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Mt. St. Helens – First days of Spring

Mt. St. Helens

Mt. St. Helens

This photo almost has the look of a painting.  I was shooting into the sun and trying to keep it off my front lens element.  There is a huge tonal range from the clouds to the trees. Extreme light and dark, which was very hard to capture in a single exposure.  Somehow after the post processing in Lightroom, it turned out like this.

Mt. Adams

Mt. Adams

This is Mount Adams’ peak peeking (see how I did that?) above the Cascade Range foothills. This was just a few days after spring officially started.  If you look at the first photo in the post, you can see a tiny Mt. Adams peak on the left side of the photo. I used a 200mm lens to bring it in closer.

Mt. St. Helens valley

Mt. St. Helens valley

I ended up running down the side of the road from the vehicle turnout to find a good view not blocked by roadside trees.  The valley is very dark with evergreen trees compared to the snowy mountain, but you can see the greens of spring starting to come out in places. The view of those three rivers meeting was pretty awesome. The photo doesn’t do it justice. I needed one of those quad-copters that can carry a camera!  When I have an extra $1,000 lying around…

Coldwater Lake

Coldwater lake is near Mount Saint Helens, in the Cascade mountain foothills.  My Dad and I had intended to reach Johnston Ridge Observatory, but found it still closed for the winter.  (Should have checked online before I left the house and drove 2 hours.) So we went to Coldwater Lake and took some photos of Mt. St. Helens from roadside turnouts.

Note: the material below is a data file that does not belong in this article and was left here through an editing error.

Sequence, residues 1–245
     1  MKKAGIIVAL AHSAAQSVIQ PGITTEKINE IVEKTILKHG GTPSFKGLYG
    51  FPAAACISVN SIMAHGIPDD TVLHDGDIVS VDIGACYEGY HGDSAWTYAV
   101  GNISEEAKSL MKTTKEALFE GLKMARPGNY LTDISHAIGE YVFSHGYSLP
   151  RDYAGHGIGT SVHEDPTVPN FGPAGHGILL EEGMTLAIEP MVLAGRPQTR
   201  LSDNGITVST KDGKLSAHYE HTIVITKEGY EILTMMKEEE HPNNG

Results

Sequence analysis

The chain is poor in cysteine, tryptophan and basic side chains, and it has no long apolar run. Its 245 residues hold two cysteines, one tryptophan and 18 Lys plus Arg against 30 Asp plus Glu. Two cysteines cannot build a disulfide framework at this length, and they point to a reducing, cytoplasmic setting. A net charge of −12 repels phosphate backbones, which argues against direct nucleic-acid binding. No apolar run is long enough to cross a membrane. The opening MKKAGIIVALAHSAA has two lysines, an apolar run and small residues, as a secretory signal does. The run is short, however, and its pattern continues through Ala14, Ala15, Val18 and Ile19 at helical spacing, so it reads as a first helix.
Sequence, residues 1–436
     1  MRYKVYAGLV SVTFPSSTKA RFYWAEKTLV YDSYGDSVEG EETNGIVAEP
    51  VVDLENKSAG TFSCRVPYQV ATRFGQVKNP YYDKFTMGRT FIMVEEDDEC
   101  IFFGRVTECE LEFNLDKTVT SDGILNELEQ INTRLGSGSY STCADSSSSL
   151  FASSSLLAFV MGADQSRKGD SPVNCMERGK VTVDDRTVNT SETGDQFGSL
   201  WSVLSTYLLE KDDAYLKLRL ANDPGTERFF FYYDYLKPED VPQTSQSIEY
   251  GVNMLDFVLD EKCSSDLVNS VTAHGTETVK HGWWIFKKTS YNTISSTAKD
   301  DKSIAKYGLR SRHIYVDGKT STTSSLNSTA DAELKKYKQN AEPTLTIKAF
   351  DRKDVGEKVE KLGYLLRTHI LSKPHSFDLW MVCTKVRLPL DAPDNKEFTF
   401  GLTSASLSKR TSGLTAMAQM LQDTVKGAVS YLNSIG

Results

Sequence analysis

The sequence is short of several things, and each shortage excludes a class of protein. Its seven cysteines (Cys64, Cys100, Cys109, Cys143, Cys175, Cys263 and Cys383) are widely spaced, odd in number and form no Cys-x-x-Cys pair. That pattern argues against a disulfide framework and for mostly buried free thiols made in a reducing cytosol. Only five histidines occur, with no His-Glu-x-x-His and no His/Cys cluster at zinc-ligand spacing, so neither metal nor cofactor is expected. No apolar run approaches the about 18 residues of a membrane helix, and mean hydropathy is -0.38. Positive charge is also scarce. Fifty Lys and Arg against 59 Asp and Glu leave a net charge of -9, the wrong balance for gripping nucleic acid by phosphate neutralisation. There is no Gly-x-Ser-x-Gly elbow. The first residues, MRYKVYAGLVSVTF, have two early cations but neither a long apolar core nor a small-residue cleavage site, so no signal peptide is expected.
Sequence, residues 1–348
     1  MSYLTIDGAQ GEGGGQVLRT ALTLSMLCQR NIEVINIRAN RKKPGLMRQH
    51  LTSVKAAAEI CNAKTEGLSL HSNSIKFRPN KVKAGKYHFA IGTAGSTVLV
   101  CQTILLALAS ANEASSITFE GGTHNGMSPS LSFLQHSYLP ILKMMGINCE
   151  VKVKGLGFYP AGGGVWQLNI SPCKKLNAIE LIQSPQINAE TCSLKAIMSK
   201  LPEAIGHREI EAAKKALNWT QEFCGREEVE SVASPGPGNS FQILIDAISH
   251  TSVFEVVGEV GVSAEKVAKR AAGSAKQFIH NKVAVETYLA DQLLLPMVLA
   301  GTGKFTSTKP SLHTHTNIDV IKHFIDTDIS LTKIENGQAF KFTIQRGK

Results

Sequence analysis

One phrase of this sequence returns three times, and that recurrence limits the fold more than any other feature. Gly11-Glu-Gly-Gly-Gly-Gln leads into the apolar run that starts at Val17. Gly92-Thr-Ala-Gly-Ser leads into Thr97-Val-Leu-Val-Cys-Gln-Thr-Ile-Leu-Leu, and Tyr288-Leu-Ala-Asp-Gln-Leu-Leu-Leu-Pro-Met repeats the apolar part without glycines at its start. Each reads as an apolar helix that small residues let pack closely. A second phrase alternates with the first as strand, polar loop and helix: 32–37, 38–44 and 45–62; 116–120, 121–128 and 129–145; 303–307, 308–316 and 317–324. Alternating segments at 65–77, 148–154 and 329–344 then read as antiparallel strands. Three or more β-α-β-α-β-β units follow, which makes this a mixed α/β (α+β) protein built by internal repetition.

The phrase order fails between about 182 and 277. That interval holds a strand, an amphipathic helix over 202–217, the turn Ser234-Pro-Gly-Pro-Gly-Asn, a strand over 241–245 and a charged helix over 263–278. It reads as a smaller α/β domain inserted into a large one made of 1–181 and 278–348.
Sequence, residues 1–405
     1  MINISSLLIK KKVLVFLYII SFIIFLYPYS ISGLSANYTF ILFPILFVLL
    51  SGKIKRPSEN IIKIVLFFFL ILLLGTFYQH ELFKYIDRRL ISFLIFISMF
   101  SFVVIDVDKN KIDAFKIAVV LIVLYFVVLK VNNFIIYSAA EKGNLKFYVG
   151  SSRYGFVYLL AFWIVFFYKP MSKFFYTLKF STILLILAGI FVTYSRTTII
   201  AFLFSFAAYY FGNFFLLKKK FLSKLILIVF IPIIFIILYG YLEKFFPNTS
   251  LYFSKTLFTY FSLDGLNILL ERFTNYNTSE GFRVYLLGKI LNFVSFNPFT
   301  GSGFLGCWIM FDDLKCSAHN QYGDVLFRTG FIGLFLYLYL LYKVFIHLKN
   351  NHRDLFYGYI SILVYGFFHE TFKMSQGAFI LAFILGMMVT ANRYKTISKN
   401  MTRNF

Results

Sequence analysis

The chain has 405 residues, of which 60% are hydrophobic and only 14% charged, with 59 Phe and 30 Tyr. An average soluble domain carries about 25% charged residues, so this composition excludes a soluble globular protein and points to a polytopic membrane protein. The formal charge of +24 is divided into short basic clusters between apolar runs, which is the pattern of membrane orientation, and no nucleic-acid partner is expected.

ColdwaterLake-3

Coldwater Lake – 17mm, 1/30 @ f/11

“Clearwater Lake” would be an appropriate name for this lake also.  I was using a polarizing filter, which explains the dark center in the sky.  It happens with wide angle shots.  But the polarizer cut some of the reflection of the water so we can see the rocks below.

Coldwater Lake - 40mm, 1/60 @ f/11

Coldwater Lake – 40mm, 1/60 @ f/11

This spot on the western shore of the lake gives a view of Mt. St. Helens’ peak. That is a funky looking cloud, but since it wasn’t a smear, I left it alone.  This photo had hardly any color in it. Spring had officially started 5 days before, but there weren’t many leaves out yet.  So it was a good candidate for NIK Silver Efex Pro.

Coldwater Lake - 40mm, 1/30 @ f/9.5

Coldwater Lake – 40mm, 1/30 @ f/9.5

This is the view just a few feet from the parking lot at the south end of the lake, looking northeast.  The ridge at the far end of the lake still had snow on it.

There is always a temptation for me to push adjustments too far where things start to look unnatural.  But I tried to watch details at a 100% while sharpening, at watch smooth areas while adjusting contrast.  The goals is to keep things from “breaking up” or pixelating, yet still have a nice, sharp photo with visual impact.

I also listed shutter speeds, because in an effort to get as much depth of field as possible, I narrowed the aperture to the point where the shutter speed was barely above the focal length. In the case of this last shot, I broke that rule, but still got a decent shot with sharp details. (Breath in, breath out s-l-o-w-l-y… squeeze shutter button VERY gently.)